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dc.contributor.advisorShadman, Farhangen_US
dc.contributor.authorRottman, Jeffrey J.
dc.creatorRottman, Jeffrey J.en_US
dc.date.accessioned2012-12-10T20:24:22Z
dc.date.available2012-12-10T20:24:22Z
dc.date.issued2012
dc.identifier.urihttp://hdl.handle.net/10150/255157
dc.description.abstractIncreasing use of engineered nanomaterials presents concerns as some nanoparticles appear to be harmful to both human health and the environment. Effective treatment methods are required to remove problematic nanoparticles from (waste)water streams. Porous media filtration, commonly used for the removal of particulate matter, shows promise for nanoparticle treatment. The goal of this work is to investigate the potential of porous media filtration for the abatement of nanoparticles from aqueous waste streams. To this end, an automated method was developed that allows real-time and in-situ monitoring of nanoparticle transport and retention in porous media using online measurement of UV-visible absorbance or fluorescence. Development of fluorescent-core nano-silica (n-SiO₂) in controllable sizes provided an excellent tracer for nanoparticle transport in porous media. Measurement of n-SiO₂ by destructive techniques is complicated by high natural Si background levels. Fluorescence monitoring enables real-time measurement, facilitating rapid evaluation of n-SiO₂ transport. Synthesized n-SiO₂ remain in their primary sizes making an evaluation of the behavioral change of particles due to transition into the "nano" range possible. A comparison of the role of particle size on transport in porous media displayed the importance of particle number concentration as the dominance of site-specific adsorption may be obscured by simple mass concentration evaluation.T he effectiveness of different bed materials, namely, sand, activated carbon (AC), and diatomaceous earth (DE), for the removal of TiO₂ nanoparticles (n-TiO₂) from aqueous streams was investigated. DE proved promising for n-TiO₂ capture shown by its high bed capacity (33.8 mg TiO₂ g⁻¹(medium)) compared to AC (0.23 mg TiO₂ g⁻¹(medium)) or sand (0.004 mg TiO₂ g⁻¹(medium)). The presence of organic and synthetic contaminants produced varying effects on n-TiO₂ retention, mostly due to either enhanced electrostatic or steric interactions. Application of a process simulator combining physical straining with site-specific interactions, delineating physisorption from chemisorption and diffusion limited interactions, enabled the accurate fit of n-TiO₂ transport in sand, AC and DE. The fitting process revealed the advantage of DE due to increased physisorption and physical straining of n-TiO₂. Modeling of this system afforded the elucidation of controlling retention mechanisms and provides a basis for future scaling and system design.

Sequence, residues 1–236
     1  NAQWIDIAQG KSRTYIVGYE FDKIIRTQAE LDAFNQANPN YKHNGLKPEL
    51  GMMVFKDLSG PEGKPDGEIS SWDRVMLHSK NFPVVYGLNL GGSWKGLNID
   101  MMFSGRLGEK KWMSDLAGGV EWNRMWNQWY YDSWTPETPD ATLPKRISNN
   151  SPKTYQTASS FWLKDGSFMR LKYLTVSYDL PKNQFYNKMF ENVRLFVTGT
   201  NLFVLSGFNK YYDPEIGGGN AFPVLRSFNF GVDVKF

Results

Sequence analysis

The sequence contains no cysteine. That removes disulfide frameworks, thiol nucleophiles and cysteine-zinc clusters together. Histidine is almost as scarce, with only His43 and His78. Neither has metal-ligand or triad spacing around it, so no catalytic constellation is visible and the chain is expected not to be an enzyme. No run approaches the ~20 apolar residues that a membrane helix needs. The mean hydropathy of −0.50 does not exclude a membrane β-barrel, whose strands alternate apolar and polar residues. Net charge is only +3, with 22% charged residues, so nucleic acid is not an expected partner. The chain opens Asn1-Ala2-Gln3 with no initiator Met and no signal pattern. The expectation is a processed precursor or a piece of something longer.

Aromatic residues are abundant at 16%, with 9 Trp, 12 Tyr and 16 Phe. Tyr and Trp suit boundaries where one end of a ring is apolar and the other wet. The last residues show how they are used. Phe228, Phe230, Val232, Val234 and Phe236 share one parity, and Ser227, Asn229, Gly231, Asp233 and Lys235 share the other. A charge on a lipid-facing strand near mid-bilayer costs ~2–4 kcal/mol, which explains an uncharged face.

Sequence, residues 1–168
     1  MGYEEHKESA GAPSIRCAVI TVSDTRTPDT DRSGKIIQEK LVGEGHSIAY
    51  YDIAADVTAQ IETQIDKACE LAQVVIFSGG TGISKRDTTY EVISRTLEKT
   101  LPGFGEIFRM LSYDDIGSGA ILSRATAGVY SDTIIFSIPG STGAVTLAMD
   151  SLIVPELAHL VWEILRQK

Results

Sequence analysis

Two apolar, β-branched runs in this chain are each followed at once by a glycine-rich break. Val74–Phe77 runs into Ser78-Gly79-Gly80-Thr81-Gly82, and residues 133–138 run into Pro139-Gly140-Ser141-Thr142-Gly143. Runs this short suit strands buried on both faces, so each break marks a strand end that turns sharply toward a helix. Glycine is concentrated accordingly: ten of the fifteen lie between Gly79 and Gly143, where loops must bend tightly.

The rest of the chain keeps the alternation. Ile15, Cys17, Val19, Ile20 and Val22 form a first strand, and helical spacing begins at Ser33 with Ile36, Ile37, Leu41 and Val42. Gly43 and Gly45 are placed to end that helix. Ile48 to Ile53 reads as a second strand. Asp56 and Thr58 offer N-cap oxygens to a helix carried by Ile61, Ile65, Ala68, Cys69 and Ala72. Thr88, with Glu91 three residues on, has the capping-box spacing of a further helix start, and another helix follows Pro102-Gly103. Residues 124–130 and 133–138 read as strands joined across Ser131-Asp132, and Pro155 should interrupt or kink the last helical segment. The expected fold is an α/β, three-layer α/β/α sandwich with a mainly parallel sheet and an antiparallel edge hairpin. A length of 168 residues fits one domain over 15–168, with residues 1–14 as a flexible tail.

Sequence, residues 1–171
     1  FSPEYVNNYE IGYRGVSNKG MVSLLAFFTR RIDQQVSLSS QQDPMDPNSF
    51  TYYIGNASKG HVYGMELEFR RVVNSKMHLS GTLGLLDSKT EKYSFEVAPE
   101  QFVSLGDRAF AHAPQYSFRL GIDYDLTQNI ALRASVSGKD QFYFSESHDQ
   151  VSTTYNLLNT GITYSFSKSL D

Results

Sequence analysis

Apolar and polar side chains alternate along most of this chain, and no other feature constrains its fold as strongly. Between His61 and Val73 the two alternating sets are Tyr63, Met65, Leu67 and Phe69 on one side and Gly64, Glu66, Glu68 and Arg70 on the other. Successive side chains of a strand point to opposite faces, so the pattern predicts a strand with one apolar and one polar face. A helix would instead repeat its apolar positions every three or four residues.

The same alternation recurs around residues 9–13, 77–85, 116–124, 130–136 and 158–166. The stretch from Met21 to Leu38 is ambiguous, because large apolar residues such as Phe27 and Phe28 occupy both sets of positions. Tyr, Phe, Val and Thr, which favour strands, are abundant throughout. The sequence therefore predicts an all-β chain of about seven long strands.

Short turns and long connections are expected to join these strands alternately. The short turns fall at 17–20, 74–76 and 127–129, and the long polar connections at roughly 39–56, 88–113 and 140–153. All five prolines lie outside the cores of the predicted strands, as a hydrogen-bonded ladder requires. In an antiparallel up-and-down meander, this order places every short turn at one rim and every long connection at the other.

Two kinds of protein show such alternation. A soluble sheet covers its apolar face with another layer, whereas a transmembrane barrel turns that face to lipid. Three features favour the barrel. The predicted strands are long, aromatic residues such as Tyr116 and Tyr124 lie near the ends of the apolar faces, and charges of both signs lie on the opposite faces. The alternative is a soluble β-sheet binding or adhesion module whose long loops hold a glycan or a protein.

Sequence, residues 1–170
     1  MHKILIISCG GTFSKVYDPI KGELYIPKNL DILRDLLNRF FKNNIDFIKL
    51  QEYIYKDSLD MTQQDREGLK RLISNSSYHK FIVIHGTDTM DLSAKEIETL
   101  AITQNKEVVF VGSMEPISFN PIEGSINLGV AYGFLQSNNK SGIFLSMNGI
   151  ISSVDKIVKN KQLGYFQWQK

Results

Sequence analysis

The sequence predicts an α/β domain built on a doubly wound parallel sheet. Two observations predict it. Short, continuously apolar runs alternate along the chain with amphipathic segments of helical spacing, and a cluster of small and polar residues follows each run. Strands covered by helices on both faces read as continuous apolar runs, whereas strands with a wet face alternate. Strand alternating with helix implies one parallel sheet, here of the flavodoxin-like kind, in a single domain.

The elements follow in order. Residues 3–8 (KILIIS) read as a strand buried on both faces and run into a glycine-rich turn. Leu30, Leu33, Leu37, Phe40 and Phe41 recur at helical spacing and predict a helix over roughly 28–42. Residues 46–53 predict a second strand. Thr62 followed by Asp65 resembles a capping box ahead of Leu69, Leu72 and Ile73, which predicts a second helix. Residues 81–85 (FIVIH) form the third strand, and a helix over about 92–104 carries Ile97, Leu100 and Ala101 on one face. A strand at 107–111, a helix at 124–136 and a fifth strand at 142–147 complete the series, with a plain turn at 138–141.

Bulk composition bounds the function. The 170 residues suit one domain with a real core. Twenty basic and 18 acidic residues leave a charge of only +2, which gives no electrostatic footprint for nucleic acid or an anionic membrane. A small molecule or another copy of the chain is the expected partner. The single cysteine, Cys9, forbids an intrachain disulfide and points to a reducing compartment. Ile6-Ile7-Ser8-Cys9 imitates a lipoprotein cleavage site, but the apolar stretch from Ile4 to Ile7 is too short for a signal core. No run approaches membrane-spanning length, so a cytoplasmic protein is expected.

dc.language.isoenen_US
dc.publisherThe University of Arizona.en_US
dc.rightsCopyright © is held by the author. Digital access to this material is made possible by the University Libraries, University of Arizona. Further transmission, reproduction or presentation (such as public display or performance) of protected items is prohibited except with permission of the author.en_US
dc.subjectPorous Mediaen_US
dc.subjectSanden_US
dc.subjectSilicon Dioxideen_US